Artezian (Ukraine): 2,000-Year-Old Treasure Discovered In Black Sea Fortress

Owen Jarus

Photos : Russian-Ukrainian Archaeological Artezian Expedition

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Researchers working at the site of Artezian in the Crimea (Ukraine) have discovered two hoards of buried treasure (one hoard shown here) dating to A.D. 45, a time when the people of the citadel were under siege by the Roman army. Here, two silver anklets, beads, numerous coins and a white, glass flask with a two-headed face, one side serious and the other happy.

Residents of a town under siege by the Roman army about 2,000 years ago buried two hoards of treasure in the town's citadel — treasure recently excavated by archaeologists.


One of the hoards shown from a distance. Originally the treasures would have been inside wooden caskets that have since decomposed.

More than 200 coins, mainly bronze, were found along with "various items of gold, silver and bronze jewelry and glass vessels" inside an ancient fortress within the Artezian settlement in the Crimea (in Ukraine), the researchers wrote in the most recent edition of the journal Ancient Civilizations from Scythia to Siberia.


Among the discoveries from the hoards were gold rings with carved gemstones. They've been buried for nearly 2,000 years and a coin has apparently become stuck to this piece.

"The fortress had been besieged. Wealthy people from the settlement and the neighborhood had tried to hide there from the Romans.  They had buried their hoards inside the citadel," Nikolaï Vinokurov, a professor at Moscow State Pedagogical University, explained.


The citadel

Artezian, which covered an area of at least 3.2 acres (1.3 hectares) and also had a  necropolis (a cemetery), was part of the Bosporus Kingdom. At the time, the kingdom's fate was torn between two brothers —Mithridates VIII, who sought independence from Rome, and his younger brother, Cotys I, who was in favor of keeping the kingdom a client state of the growing empire. Rome sent an army to support Cotys, establishing him in the Bosporan capital and torching settlements controlled by Mithridates, including Artezian.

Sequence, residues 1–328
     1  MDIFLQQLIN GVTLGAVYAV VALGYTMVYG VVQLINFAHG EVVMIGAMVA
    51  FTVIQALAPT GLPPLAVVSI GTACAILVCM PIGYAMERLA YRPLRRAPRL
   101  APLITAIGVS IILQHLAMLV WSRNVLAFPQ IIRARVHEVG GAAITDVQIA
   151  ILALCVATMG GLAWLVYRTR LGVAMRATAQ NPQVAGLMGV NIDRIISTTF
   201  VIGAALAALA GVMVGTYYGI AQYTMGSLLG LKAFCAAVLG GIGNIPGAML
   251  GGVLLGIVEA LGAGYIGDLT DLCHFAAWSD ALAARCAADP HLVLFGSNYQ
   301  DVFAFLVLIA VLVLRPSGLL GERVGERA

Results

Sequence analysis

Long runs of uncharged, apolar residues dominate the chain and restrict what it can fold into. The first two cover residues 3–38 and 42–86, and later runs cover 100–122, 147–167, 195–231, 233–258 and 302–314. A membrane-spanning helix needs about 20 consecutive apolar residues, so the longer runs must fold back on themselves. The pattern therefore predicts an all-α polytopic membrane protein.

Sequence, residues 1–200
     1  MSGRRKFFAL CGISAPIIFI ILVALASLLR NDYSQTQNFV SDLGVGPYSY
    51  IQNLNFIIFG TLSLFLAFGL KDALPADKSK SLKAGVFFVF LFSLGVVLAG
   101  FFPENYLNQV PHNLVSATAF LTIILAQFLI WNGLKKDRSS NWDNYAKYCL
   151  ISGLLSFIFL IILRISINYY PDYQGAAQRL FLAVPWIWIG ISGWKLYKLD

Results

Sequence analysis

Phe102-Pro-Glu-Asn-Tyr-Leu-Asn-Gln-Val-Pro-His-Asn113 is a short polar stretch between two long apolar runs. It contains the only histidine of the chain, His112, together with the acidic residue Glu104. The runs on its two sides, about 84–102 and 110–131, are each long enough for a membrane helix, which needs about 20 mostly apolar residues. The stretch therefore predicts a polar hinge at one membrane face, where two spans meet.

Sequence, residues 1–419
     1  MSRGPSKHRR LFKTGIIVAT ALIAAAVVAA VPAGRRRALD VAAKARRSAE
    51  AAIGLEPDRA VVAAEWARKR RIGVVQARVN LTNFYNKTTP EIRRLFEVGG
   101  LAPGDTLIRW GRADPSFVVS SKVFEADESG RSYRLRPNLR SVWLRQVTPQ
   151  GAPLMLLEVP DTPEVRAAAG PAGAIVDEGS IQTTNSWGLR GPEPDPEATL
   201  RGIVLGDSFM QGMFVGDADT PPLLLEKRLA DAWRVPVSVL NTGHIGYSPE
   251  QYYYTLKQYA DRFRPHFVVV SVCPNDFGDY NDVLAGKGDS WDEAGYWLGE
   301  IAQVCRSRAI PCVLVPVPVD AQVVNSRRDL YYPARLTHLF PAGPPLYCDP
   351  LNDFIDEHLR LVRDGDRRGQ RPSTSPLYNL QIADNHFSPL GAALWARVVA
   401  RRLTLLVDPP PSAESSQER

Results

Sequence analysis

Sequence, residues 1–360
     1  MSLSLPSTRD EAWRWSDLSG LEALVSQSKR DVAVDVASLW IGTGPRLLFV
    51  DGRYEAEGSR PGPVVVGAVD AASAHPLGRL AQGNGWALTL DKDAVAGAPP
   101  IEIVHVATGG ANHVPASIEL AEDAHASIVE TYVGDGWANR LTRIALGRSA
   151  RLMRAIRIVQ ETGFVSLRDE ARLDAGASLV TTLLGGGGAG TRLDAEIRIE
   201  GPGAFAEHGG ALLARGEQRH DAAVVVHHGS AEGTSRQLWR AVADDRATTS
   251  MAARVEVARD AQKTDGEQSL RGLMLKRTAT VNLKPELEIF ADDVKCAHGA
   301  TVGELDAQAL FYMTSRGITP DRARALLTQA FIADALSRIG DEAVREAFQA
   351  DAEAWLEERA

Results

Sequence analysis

The people at Artezian had a fondness for sketching what we might consider "graffiti," as seen here.

People huddled in the fortress for protection as the Romans attacked, but Vinokurov said they knew they were doomed. "We can say that these hoards were funeral sacrifices.  It was obvious for the people that they were going to die shortly," he wrote in an email to LiveScience. The siege and fall of the fortress occurred in AD 45.

Curiously, each hoard included exactly 55 coins minted by Mithridates VIII. "This is possibly just a simple coincidence, or perhaps these were equal sums received by the owners of these caskets from the supporters of Mithridates," the team wrote in its paper.